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in the early years. But very soon, the UMHK also started to build houses for workers and their families. On 9 December 1941, the mining workers in Elisabethville went on strike as a culmination point of a longer wave of protest.24 Their main goal was to demand higher wages to meet rising living costs. While the workers assembled, the situation got out of control and at least 20 workers died. The strike and the subsequent uncertainty took place in the middle of the Second World War when the copper industry crucially mattered as a backbone of Belgium’s economic strength. At that time the stabilization of workforce was highly important to the UMHK: “The strike wave of 1941 clearly shows that the around 17,000 workers were not content with the working and living conditions in Union Minière’s mines and compounds. The company portrayed itself as a considerate employer and displayed photos and films of smiling workers, clean hospitals, and happy families.”25 It is against this backdrop that the project of social engineering started.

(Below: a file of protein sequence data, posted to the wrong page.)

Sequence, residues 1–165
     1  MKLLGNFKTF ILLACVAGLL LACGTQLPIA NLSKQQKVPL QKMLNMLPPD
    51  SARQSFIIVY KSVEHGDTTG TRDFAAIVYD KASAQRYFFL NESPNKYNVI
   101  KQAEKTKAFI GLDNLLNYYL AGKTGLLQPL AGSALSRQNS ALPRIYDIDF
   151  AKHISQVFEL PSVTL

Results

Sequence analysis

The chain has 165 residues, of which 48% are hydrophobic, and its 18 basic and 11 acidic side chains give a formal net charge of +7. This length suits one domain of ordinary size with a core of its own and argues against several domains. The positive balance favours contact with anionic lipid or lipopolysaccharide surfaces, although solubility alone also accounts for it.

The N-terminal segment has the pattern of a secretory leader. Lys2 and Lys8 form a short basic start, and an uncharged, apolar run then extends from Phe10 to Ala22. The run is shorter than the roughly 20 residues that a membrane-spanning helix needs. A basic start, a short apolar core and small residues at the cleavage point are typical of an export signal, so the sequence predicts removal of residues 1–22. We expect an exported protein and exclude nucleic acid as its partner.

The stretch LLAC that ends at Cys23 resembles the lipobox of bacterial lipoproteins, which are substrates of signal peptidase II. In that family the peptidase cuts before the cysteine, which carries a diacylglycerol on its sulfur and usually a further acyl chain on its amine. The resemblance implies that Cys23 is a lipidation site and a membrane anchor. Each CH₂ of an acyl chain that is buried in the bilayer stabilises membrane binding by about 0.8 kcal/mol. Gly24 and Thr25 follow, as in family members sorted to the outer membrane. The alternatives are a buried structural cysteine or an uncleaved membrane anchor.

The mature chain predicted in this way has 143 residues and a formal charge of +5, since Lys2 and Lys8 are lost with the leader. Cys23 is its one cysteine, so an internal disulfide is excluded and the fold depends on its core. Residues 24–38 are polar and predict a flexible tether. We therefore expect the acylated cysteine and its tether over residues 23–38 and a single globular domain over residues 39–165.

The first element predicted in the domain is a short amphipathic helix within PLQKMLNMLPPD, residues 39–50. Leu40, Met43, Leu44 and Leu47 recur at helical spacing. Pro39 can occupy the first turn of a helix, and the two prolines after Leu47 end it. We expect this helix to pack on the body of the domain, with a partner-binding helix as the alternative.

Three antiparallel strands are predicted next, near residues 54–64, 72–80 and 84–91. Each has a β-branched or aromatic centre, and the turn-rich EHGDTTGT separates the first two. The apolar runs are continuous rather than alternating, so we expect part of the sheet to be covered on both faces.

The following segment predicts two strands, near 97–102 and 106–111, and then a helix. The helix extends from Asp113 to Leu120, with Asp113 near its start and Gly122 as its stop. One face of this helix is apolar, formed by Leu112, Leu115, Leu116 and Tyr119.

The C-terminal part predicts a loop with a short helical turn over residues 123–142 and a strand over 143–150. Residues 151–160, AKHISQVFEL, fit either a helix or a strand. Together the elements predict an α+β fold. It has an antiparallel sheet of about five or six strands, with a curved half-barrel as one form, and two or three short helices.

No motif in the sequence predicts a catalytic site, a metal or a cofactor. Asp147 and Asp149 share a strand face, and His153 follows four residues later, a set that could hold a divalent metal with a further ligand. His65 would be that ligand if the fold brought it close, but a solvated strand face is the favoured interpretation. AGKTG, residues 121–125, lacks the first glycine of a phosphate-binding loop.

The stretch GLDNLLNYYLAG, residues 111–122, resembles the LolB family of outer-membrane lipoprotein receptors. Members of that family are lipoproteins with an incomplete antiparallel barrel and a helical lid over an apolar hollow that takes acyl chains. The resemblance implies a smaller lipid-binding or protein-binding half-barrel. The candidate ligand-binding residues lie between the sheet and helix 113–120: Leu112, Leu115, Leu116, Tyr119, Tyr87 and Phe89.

Social Engineering and Stabilization The project of social engineering was played out by the UMHK on different layers. Not only were the work and the housing situation of workers controlled but equally so education or leisure activities. In 1956, the UMHK produced a series of films celebrating its fiftieth anniversary. One of these films, entitled En Cinquante Ans26 (In 50 Years), portrayed the workers’ lives, the benefits of being an UMHK employee, however, not work itself. The housing facilities provided were displayed, as well as all the advantages from healthcare to courses offered to workers and their wives. One particular scene portrayed a family sitting around a table in their home. A tablecloth protected the table, some

24 For further details see e.g. Donatien Dibwe dia Mwembu, Histoire des conditions de vie de travailleurs de l’Union Mininère du Haut-Katanga/Gécamines (1910–1999) (Lubumbashi: Presses universitaires de Lubumbashi, 2001). Julia Seibert, “‘Wind of Change’: Worker’s Unrest and the Transformation of Colonial Capital in Katanga – Belgian Congo,” in Work and Culture in a Globalized World: From Africa to Latin America, ed. Babacar Fall, Ineke PhafRheinberger and Andreas Eckert (Berlin & Paris: Karthala, 2015). Julia Seibert, In die globale Wirtschaft gezwungen: Arbeit und kolonialer Kapitalismus im Kongo (1885–1960) (Frankfurt: Campus, 2016). 25 Seibert, “Wind of Change,” 263. 26 En Cinquante Ans, accessed June 23, 2018, https://www.youtube.com/watch?v= 9z4GtyCvlCg&sns=em.